Hundreds of years ago, letter writers used complicated paper folding tricks to keep their words hidden from prying eyes. But now, academic snoops equipped with 21st-century technology have foiled these letterlocking plans, using X-rays and 3-D imaging techniques to read the missives without unfolding them.
As Matt Simon reports for Wired, the researchers virtually “opened” four letters from the Brienne Collection, a trunk filled with 2,600 notes sent from Europe to the Hague between 1689 and 1706. The team published its findings in the journal Nature Communications.
“The letters in his trunk are so poignant, they tell such important stories about family and loss and love and religion,” study co-author Daniel Starza Smith, a literary historian at King’s College London, tells Wired. “But also, what letterlocking is doing is giving us a language to talk about sorts of technologies of human communication security and secrecy and discretion and privacy.”
People used letterlocking for hundreds of years, developing a huge variety of techniques for folding, cutting and interlocking the pages on which they wrote their correspondence. Depending on the technique, the recipient might need to rip the paper to open it, so the folding acted as a kind of tamper-evident seal. In some instances, a person familiar with the particular tricks used by the sender might be able to open it without tearing—but the uninitiated would be sure to rip it.
“Letterlocking was an everyday activity for centuries, across cultures, borders, and social classes,” says lead author Jana Dambrogio, an MIT Libraries conservator, in a statement. “It plays an integral role in the history of secrecy systems as the missing link between physical communications security techniques from the ancient world and modern digital cryptography.”
Per William J. Broad of the New York Times, the researchers virtually opened the letters with an advanced X-ray machine that can produce three-dimensional images like those used in medical scans. They then used computers to analyze the folds and create a readable, digital model of the unfolded letter.
The Brienne Collection belonged to Simon and Marie de Brienne, who ran the postal service for the Hague, a central hub of European communications, in the late 17th and early 18th centuries. At the time, no postage stamps paid for by letter senders were used. Instead, the recipient of a letter would pay the postal service to deliver it. Typically, if a letter couldn’t be delivered, it would be destroyed. But the Briennes tried a different system, collecting undelivered letters in the hopes that the recipients would eventually show up to claim—and pay for—them. While some did, about 2,600 letters remained unclaimed.
When Simon de Brienne died in 1707, he left the trunk full of letters—and the possible payments that would come if they were ever claimed—to an orphanage. Two centuries later, in 1926, the chest and its contents were donated to the Ministry of Finance in the Hague.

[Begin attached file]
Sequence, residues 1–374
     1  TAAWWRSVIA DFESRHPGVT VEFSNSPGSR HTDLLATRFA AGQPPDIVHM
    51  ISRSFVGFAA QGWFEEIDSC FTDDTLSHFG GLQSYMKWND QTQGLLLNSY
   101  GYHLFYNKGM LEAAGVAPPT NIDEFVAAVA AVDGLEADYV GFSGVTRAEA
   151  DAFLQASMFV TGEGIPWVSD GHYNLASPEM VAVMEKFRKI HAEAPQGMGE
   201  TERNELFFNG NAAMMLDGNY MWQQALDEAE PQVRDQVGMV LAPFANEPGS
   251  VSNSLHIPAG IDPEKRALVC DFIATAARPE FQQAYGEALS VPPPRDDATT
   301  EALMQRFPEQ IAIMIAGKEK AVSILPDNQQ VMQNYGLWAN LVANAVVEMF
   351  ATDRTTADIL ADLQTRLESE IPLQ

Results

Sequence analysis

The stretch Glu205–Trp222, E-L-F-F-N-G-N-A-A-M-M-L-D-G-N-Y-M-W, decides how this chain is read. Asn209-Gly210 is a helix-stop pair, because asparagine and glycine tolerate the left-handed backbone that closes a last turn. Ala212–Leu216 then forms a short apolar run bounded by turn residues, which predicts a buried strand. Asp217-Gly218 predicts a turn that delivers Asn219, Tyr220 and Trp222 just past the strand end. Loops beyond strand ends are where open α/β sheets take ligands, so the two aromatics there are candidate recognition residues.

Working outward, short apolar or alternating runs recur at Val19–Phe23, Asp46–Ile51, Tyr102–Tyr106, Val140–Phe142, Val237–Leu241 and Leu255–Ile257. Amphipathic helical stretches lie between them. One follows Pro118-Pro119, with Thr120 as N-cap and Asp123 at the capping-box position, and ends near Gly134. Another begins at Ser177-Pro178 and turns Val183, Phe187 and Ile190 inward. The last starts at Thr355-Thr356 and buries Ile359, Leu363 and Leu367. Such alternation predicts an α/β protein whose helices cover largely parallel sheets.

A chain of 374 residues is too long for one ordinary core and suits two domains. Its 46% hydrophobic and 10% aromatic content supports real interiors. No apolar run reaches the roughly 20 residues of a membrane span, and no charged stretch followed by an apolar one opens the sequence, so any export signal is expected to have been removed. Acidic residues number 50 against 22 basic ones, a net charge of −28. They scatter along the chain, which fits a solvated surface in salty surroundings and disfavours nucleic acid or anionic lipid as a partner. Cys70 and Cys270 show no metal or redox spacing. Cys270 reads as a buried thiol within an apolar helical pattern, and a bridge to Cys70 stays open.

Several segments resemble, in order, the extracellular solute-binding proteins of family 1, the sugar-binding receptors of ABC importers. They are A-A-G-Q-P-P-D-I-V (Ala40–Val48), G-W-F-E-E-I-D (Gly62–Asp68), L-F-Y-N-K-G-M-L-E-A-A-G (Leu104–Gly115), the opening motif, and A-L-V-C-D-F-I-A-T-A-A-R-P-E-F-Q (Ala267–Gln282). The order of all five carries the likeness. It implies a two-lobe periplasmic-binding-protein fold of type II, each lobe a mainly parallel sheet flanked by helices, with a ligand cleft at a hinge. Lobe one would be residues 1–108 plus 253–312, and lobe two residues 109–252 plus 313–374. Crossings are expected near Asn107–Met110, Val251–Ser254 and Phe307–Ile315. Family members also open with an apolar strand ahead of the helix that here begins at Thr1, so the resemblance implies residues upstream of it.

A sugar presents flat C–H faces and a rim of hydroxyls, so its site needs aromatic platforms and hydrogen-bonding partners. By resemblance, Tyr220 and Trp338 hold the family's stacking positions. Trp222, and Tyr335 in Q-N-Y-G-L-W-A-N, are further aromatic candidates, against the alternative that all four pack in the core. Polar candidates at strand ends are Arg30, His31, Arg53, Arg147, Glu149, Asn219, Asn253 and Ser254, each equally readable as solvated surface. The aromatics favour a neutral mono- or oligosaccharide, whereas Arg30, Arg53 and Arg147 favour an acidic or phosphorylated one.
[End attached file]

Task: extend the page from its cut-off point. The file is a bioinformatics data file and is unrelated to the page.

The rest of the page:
“And then somehow some nerdy postage stamp people, like collectors, got wind of the fact that there was this chest of letters sitting in the Ministry of Finance,” co-author Rebekah Ahrendt, a music historian at Utrecht University in the Netherlands, tells Wired. “And they’re like, ‘Hey, can we have this? Because we actually want to start a postal museum.’ And the Ministry of Finance was like, ‘OK, cool idea. You can have it.’”
Today, six hundred letters in the collection remain unopened. Dambrogio tells the Times that scholars intend to keep them that way.
“We really need to keep the originals,” she says. “You can keep learning from them, especially if you keep the locked packets closed.”
So far, the team has only translated and read one of the letters in full. As Wired reports, it’s a 1697 missive from a man named Jacques Sennacques to his cousin, a French merchant living in the Hague, asking for a death certificate for his relative, Daniel Le Pers. Other letters in the collection are addressed to people from a variety of positions in European society, particularly those whose jobs kept them on the move, meaning they were no longer in the Hague by the time letters arrived for them.
“The trunk is a unique time capsule,” says co-author David van der Linden, a historian at Radboud University Nijmegen in the Netherlands, in the statement. “It preserves precious insights into the lives of thousands of people from all levels of society, including itinerant musicians, diplomats, and religious refugees. As historians, we regularly explore the lives of people who lived in the past, but to read an intimate story that has never seen the light of day—and never even reached its recipient—is truly extraordinary.”
In addition to analyzing the letters from the Brienne Collection, the researchers studied 250,000 historical letters, creating a method for categorizing letterlocking techniques and determining how secure they were.
The research team hopes to create a collection of letterlocking examples for scholars and students to use in their own research. Per the statement, the group also suggests that the virtual unfolding technique could be helpful in the analysis of other types of historical texts, including delicate scrolls and books.